Tuesday 15 October 2019

Tributes as pioneering Independent journalist Lorna Reid dies

Lorna Reid started her newspaper career in 1969
Lorna Reid started her newspaper career in 1969
Katherine Donnelly

Katherine Donnelly

Lorna Reid, a stalwart of Irish journalism, has died at the age of 67.

The native of Tralee, Co Kerry, passed away in St Vincent's Hospital, Dublin, on Friday night with her devoted husband, Ciaran Kennedy, by her side. She had taken ill at her home in Mount Merrion, Dublin, last weekend.

Lorna joined Independent Newspapers as a teenager in August 1969, when female news reporters were an extremely rare breed, and spent almost 42 years with the company before her retirement in 2011, carving out a stellar reputation for fast, accurate and well-rounded reporting.

She combined an eye for detail and a talent for identifying the heart of a story with razor-sharp writing skills. Whether making sense of a Dail debate, a long day's proceedings at a tribunal, a difficult court case, a voluminous report where the devil was well hidden in the detail or a breaking news story, day in, day out, Lorna brought her expertise to every assignment.

Outside journalism, Lorna was a voracious reader, while her green fingers ensured that she maintained an outstanding garden.

Michael Denieffe, a former editor and managing editor at Independent Newspapers, said: "Lorna Reid was a superb journalist. She faultlessly epitomised standards of journalism which the modern multi-media publishing world desperately strives to match and maintain. Professional, diligent, accurate and fair, her career spanned a number of fields and included coverage of many of the country's major news events.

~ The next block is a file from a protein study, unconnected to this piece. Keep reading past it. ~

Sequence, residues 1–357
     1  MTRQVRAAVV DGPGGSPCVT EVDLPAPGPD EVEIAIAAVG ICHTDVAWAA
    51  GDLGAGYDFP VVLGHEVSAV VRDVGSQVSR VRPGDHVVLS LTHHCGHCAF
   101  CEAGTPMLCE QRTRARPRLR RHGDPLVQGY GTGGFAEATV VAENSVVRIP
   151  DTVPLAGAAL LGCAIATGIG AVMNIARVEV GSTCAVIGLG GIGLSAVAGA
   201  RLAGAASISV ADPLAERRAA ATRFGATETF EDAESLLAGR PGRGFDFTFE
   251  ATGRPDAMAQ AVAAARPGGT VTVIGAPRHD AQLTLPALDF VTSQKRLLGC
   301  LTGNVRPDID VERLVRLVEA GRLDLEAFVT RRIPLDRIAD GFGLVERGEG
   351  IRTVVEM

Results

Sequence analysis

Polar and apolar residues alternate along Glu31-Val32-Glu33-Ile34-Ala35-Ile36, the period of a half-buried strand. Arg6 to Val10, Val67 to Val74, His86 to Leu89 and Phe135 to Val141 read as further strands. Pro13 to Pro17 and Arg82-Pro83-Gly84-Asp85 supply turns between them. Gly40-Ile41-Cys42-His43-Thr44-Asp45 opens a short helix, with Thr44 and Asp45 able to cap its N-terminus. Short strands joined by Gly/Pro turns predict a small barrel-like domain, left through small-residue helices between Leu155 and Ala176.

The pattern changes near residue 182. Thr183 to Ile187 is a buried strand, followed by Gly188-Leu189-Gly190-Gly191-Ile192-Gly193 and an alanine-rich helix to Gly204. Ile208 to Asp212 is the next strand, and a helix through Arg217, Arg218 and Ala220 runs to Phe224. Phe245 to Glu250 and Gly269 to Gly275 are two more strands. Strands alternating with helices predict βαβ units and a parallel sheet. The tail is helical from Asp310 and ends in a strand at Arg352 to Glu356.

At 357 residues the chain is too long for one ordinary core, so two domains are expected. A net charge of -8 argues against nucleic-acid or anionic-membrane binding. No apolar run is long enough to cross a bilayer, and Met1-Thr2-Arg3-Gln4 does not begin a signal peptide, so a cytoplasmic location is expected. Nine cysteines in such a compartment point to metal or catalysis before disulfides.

"Lorna was a veteran reporter of proceedings in the Dail and Seanad, the High Court, Central Criminal Court and District Court. She was also a former Consumer Affairs Correspondent for the Irish Independent. Outside of reporting of statutory affairs, Lorna had a deft writer's touch and her coverage of Gay Byrne's last Late, Late Show in May, 1999 for the Irish Independent was memorable.

"In person, Lorna was engaging, interesting and acutely observant. She had a wry sense of humour as evidenced by her recall of her first byline in the Irish Independent which read, 'Irish Independent Woman Reporter', which reflected the extreme scarcity of women in the ranks of journalists at the time. Lorna's subsequent career absolutely underlined the value of that appointment and resultant shift in attitudes."

Reposing tomorrow at her home from 5 to 7pm. Service on Tuesday at 4pm in St Philip and St James' Church, Booterstown, Dublin. Burial on Wednesday at 2pm in Ballyseedy Church of Ireland churchyard, Tralee. Enquiries to Carnegies' Funeral Home, Monkstown, Dublin, 01-2808882. May she rest in peace.

Sunday Independent

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